About 50 pounds of manure is produced by an adult white rhino EVERY day.

A white rhino isn't really WHITE. It's name comes from an Afrikaans word meaning wide(for its mouth). The word is wyd. White rhinos are really grey.
A black rhino isn't really BLACK. Also a grey/brownish color, it got its name for the dark wet mud that they often have covering their bodies.

Did you know that a rhino is a relative of the zebra, tapirs and horse?

The word, rhinoceros comes from the Greek words-rhino(nose and ceros(horn)

After the elephant, the white rhino is the largest land mammal. A white rhino can weigh up to 5000 pounds. 

Eating only plants, a rhino is a HERBIVORE.

The horn of a rhino is not ivory but keratin, a material found in fingernails.

Rhinos have VERY bad eyesight! They do have great hearing and a great sense of smell.

Rhino have wandered the earth for over 50 million years(and haven't changed much in their appearance)

Did you know that there are 5 species of rhino? (White, Black, Javan, Sumatran, Indian)


Ask students why the rhino is endangered. Have students make a list of 10 endangered species. If you can only save 3 on the list, which  would you work to save and why? Make a list of 3 factors that might go into why some creatures might be preferred to be saved over others. Possible answers: "cuteness", reputation, national symbol, if there are other similar species, impact on the environment, etc.

Use a world map and have students locate the areas of the world where rhinos live in the wild. (Rhino can be found in Africa countries including South Africa, Namibia, Zimbabwe, Botswana, Tanzania,Kenya and Uganda. They can be found in  India, Pakistan, Bangladesh and Burma, Nepal and Vietnam. Rhinos are found on the island of Java. There may still be rhino in  Sumatra and Borneo.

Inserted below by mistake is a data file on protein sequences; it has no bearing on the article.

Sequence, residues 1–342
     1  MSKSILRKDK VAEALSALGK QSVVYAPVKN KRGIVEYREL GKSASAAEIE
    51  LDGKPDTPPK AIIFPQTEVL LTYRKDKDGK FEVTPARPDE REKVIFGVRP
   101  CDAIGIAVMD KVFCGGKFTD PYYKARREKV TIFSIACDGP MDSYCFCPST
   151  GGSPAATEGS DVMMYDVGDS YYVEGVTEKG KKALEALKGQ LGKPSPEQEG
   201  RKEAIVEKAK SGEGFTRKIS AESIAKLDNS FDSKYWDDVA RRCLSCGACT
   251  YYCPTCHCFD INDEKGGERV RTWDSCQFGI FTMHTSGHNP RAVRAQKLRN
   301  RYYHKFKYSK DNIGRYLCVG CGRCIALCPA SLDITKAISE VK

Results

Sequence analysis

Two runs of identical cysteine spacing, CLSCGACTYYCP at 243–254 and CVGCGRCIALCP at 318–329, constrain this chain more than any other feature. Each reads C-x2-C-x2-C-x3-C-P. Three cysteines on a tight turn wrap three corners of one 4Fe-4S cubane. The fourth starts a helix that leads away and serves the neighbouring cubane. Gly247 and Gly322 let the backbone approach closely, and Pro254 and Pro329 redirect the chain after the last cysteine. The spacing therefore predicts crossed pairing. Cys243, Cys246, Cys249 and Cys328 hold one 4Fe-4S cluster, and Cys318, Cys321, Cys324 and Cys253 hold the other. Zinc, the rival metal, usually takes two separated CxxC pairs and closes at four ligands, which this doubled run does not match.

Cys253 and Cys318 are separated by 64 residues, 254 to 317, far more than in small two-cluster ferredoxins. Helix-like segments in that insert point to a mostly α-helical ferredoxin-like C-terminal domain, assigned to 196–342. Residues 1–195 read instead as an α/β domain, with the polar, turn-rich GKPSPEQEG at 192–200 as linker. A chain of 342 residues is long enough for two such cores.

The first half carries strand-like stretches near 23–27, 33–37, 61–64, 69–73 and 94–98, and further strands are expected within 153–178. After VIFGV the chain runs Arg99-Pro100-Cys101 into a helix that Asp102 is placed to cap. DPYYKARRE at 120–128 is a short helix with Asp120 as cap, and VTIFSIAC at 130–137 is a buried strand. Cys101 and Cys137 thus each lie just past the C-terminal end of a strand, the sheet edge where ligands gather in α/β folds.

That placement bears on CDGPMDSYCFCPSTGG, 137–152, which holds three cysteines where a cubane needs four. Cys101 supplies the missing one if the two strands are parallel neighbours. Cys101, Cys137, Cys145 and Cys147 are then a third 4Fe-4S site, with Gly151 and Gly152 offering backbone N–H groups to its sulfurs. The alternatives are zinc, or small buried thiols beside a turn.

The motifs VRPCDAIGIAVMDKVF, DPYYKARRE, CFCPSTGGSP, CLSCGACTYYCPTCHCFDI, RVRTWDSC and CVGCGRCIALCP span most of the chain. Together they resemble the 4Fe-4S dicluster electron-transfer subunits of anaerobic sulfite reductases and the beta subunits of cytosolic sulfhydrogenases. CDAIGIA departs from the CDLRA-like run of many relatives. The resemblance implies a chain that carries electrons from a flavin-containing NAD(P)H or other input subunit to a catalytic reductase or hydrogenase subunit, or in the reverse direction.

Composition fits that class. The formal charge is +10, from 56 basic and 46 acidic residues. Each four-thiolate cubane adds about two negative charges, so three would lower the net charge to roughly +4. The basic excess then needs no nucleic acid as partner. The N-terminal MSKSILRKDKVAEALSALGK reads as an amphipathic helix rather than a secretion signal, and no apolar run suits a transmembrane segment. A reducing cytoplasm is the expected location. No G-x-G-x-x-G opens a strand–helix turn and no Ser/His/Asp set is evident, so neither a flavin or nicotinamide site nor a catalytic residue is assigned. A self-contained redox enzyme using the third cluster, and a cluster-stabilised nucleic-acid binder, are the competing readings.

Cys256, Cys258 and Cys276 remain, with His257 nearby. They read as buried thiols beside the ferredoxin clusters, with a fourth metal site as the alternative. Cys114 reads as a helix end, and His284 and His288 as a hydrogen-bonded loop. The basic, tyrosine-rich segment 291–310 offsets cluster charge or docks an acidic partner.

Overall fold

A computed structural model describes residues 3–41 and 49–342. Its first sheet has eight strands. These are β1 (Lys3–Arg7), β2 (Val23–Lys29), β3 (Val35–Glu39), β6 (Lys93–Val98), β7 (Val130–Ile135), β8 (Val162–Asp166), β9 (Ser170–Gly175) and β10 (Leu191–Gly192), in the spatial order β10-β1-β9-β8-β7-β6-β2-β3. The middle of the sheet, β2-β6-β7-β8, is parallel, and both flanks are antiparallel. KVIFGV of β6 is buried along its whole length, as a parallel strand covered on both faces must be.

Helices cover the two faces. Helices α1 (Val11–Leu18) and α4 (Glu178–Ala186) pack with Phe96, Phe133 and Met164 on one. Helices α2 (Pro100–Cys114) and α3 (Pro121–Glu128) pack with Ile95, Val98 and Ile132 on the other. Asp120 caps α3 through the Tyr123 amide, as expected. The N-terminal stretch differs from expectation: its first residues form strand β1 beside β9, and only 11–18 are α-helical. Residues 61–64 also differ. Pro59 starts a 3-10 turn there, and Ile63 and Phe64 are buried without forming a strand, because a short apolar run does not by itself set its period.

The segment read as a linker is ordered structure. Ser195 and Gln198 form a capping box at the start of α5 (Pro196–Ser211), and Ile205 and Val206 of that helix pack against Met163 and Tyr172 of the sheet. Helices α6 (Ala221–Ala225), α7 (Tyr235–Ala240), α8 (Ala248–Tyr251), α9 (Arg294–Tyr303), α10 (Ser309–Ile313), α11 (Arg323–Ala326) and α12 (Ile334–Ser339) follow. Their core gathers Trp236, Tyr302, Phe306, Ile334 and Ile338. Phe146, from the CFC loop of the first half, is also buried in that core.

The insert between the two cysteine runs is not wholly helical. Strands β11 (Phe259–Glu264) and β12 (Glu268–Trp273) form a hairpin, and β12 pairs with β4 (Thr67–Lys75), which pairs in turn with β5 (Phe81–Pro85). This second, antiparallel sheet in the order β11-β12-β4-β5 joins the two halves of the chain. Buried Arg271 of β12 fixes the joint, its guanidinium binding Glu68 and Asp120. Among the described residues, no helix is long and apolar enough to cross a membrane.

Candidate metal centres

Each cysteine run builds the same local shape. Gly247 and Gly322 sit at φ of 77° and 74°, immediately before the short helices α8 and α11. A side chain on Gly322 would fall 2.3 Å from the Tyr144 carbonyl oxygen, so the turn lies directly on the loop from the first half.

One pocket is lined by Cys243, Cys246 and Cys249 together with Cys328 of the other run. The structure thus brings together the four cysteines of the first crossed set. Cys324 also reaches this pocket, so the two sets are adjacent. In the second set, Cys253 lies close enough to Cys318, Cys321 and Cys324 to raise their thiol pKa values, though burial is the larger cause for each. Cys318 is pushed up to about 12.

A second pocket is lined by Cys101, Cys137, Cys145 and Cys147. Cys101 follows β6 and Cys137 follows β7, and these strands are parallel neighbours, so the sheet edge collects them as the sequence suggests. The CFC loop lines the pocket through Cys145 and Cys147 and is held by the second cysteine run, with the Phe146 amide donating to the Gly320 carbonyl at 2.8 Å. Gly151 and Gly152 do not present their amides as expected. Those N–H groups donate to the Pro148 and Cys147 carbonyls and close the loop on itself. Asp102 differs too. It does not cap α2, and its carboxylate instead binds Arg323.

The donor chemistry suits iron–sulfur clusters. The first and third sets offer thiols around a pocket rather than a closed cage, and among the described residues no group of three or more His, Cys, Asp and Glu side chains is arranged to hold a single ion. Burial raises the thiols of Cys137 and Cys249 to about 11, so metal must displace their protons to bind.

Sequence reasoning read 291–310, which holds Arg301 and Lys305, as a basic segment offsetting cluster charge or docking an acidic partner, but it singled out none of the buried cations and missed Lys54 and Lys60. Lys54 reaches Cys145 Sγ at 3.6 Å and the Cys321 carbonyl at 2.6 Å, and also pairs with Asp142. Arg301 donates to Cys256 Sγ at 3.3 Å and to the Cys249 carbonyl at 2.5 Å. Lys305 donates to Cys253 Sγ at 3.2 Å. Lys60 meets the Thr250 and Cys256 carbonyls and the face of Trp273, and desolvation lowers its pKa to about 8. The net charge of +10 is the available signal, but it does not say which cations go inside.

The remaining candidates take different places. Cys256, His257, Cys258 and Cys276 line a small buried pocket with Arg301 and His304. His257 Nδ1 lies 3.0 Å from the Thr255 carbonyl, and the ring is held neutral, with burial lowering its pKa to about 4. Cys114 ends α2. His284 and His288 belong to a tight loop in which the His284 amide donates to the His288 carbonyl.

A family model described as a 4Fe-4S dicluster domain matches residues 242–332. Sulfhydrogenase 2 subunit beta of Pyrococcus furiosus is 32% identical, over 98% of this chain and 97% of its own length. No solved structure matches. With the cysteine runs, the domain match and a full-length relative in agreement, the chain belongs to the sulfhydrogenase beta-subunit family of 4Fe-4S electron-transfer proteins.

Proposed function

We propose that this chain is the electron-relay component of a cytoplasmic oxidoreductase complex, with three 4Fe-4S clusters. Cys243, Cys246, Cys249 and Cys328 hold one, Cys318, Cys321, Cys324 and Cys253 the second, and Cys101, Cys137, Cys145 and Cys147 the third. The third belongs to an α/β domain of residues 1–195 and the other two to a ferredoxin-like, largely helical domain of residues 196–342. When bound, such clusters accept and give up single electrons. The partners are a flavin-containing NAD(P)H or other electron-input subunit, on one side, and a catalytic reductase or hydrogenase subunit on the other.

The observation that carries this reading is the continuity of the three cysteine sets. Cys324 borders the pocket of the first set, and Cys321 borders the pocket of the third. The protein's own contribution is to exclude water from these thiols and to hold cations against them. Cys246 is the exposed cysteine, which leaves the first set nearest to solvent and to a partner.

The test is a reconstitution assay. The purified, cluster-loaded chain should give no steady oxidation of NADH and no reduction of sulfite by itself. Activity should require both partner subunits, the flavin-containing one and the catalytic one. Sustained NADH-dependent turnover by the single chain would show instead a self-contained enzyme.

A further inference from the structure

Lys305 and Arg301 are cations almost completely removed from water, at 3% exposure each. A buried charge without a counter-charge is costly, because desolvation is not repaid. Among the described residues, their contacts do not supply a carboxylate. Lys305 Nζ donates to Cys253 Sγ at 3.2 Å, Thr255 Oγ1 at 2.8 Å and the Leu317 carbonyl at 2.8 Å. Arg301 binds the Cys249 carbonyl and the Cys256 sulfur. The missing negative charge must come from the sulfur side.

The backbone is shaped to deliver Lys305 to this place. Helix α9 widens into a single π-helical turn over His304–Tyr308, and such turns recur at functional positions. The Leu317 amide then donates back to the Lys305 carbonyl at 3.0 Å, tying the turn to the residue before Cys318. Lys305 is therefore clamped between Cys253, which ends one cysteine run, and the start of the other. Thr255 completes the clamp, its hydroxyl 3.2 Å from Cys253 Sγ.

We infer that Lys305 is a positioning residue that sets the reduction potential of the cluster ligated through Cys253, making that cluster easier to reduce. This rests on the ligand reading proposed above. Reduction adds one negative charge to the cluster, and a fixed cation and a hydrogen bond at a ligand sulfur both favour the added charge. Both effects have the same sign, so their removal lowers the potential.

Write a Day in the Life of a rhino. What did you do? What did you see? Feel? Smell? 

Read a story about a rhino

Read an interview with a Rhino ranger/keeper: and  Pretend you work with rhinos and write a diary, including 3 facts learned about rhino.

Illustrate one of the Rhino Facts.

Photograph from 

Sunday, September 11, 2016

National Museum of African American History and Culture Opens September 24th

“I, too, am America.” 
by Langston Hughes

A new  eight story museum on the National Mall opens on September 24th and it was 100 years in the making.  Called the National Museum of African American History and Culture, the museum was first discussed back in 1915, when African American Civil War veterans called for a museum to highlight the accomplishments of African Americans.

Congress established such a museum, to be part of the Smithsonian Institution, in 2003.  Groundbreaking for the National Museum of African American History and Culture began in 2012.

The museum, the only national museum dedicated to African American history, shares the history of African Americas from the days of the slave trade through slavery in the United States. The timeline of history includes the struggles of African Americans seeking civil rights and equality and shares the contributions which African Americans have made which have helped shape our nation.